Fool’s Sceptre irreverently represents the duality of values: the high and low, the rejection of purity and the respect for carnivalesque tradition, the hedonism of self-indulgence and the fragility of working-class masculinity. A proletarian work, engaging with earthly materials and low culture, the work embodies a freedom drive, initiating a liberatory politic through the means of traditional cultural imagery. Historically, the role of the fool is to lampoon established doctrine and dogma; whereas, the sceptre is a phallic iteration of the establishment, seen in religious and regal iconography.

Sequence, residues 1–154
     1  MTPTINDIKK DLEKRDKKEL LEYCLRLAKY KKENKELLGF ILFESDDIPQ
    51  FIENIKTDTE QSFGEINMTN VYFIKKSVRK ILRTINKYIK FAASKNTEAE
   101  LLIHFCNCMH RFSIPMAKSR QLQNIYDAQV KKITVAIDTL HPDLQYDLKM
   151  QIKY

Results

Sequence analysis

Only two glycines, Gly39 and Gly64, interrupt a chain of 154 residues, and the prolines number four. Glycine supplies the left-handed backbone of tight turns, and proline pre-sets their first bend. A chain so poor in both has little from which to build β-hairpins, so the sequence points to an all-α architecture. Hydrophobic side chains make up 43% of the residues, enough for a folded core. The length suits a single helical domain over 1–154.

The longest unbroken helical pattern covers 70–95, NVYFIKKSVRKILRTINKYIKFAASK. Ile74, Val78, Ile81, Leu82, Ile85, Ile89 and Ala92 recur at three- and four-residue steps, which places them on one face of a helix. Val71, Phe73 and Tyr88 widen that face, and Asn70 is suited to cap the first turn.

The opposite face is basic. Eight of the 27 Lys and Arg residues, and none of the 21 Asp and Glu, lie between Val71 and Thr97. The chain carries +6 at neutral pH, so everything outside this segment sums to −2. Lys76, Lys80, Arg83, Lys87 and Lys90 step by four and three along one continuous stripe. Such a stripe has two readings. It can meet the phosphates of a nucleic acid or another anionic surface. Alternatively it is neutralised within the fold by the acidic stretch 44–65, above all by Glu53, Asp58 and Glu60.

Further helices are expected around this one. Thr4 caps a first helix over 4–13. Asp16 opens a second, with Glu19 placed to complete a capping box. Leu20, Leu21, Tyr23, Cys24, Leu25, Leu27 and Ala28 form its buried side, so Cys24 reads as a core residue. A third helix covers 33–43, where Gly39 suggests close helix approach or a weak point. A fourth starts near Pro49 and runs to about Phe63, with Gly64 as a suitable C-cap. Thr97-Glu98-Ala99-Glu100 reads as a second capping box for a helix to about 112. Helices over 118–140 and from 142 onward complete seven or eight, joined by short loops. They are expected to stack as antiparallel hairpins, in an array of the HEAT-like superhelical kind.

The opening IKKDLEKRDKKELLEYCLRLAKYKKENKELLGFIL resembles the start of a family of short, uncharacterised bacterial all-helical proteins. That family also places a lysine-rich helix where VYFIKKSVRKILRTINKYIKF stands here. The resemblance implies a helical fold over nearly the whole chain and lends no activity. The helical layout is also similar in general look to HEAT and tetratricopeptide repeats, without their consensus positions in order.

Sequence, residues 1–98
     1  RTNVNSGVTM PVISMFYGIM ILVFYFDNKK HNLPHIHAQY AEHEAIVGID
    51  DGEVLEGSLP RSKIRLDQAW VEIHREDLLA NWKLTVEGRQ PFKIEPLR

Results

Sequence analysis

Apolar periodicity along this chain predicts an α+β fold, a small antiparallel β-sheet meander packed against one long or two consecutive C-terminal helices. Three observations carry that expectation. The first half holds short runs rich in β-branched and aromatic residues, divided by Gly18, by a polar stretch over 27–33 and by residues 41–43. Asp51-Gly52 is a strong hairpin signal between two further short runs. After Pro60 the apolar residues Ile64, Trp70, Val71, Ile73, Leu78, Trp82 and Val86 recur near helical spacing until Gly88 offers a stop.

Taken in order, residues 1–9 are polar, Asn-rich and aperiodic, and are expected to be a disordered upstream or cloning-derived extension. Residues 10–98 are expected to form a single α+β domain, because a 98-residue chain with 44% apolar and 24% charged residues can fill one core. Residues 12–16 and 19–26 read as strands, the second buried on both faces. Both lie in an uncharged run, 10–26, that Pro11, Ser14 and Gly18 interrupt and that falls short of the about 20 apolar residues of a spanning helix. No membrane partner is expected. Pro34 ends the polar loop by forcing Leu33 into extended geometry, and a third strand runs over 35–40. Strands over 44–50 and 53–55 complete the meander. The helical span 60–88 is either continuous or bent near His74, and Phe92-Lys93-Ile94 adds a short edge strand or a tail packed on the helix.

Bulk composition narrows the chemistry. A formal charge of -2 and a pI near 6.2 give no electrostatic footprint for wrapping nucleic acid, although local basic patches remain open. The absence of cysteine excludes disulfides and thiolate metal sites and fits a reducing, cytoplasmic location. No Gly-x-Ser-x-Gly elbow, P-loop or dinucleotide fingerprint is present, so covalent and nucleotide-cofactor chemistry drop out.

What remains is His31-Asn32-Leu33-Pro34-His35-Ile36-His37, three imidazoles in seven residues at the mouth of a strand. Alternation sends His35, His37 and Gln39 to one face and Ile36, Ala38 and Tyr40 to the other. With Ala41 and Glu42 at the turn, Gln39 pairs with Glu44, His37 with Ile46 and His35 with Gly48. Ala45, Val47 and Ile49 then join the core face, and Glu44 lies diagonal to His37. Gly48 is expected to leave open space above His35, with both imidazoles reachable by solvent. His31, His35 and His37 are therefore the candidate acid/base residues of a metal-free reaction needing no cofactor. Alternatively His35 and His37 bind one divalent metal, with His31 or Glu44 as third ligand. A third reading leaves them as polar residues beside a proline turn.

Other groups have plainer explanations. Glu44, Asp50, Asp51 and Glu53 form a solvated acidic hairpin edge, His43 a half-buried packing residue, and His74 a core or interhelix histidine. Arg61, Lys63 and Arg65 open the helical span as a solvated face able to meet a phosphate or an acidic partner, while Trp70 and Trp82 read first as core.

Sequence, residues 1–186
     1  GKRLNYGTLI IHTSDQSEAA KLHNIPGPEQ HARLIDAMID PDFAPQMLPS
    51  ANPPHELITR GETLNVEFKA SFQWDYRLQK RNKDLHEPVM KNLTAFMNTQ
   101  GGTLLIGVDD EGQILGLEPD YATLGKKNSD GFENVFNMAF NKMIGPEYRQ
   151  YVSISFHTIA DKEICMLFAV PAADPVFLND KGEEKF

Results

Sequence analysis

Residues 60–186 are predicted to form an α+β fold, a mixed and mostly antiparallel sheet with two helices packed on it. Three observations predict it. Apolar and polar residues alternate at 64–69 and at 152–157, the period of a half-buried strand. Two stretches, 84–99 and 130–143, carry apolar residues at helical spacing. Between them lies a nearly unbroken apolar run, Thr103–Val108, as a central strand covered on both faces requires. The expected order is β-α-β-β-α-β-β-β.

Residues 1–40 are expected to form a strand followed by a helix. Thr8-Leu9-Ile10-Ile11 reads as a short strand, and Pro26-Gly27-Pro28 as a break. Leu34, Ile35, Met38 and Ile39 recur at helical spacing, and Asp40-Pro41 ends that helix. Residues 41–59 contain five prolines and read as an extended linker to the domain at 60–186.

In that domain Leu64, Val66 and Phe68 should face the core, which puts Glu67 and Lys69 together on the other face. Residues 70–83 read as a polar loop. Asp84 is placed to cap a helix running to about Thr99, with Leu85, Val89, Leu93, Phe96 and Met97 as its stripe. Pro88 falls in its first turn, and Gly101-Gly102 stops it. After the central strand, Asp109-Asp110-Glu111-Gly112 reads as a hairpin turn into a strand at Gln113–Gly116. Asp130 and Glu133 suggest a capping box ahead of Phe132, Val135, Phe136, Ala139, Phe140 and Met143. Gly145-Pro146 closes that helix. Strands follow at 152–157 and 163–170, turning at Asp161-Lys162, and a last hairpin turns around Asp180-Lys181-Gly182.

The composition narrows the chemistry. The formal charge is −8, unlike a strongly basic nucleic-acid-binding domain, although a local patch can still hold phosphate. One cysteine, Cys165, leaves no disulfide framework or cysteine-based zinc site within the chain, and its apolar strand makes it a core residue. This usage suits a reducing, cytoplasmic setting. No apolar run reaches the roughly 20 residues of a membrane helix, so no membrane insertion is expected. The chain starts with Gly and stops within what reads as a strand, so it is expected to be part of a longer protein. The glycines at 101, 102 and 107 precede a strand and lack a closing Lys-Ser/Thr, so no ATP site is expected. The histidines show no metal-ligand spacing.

Cheeky and coy, fleshy and cracked, the transparently disguised profanity of the work inspires images of stimulation, both physical and psychological. It hints at a commentary on the fragility of hegemonic masculinity, but manifestly champions sexual expression. Exemplifying the free ethos of the carnival, Fool’s Sceptre reminds the viewer that nothing is necessarily just as it seems, nor it is otherwise.